over 1 year ago • 1 min
China’s economy expanded 3.9% in the third quarter, compared to a year ago – slightly better than economists had expected but still well below the country’s official 5.5% target. Under the surface, the data painted a mixed picture of the Chinese economy: industrial production was robust, but retail sales, the housing sector, and export growth continued to disappoint. Unemployment has also ticked higher.
While you should always approach Chinese economic numbers with a pinch of skepticism, Monday’s report does highlight some of the big challenges facing the world’s second-largest economy: it’s grappling with a sharp downturn in its property sector, and still reeling from strict covid measures that have paralyzed entire sectors of its economy. What’s more, the decision to staff the upper reaches of the government with some of the ruling party’s staunchest supporters only adds to fears that power is now way too centralized and increases the risks of more politically motivated but “market unfriendly” measures.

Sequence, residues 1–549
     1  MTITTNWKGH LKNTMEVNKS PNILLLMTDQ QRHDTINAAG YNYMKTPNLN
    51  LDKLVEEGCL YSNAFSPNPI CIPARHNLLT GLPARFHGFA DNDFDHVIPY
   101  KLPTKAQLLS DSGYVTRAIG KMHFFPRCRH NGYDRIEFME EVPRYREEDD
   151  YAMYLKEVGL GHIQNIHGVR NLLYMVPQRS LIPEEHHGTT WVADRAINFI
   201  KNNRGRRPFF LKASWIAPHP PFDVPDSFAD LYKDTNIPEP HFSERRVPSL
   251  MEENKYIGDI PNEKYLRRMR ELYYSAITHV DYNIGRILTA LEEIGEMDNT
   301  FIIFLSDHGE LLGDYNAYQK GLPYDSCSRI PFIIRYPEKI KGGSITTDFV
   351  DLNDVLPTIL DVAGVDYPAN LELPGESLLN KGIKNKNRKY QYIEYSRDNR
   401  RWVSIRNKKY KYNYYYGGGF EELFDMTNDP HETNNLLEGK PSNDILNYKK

Investors generally weren’t cheered by the latest data, and sent Hong Kong’s Hang Seng index and Shanghai’s CSI 300 index sharply lower. Still, with Chinese stocks trading at 14-year lows – and close to 20-year lows relative to US stocks – this might be a time for contrarian investors to be drawn back into the market. There are clearly a lot of further downside risks from here, but the bad news might now largely be reflected in the price of stocks. And as we argued a few months ago, the longer-term opportunities are looking increasingly attractive. For investors looking to offset some of their US stocks’ risks, Chinese stocks may now provide an interesting entry point.
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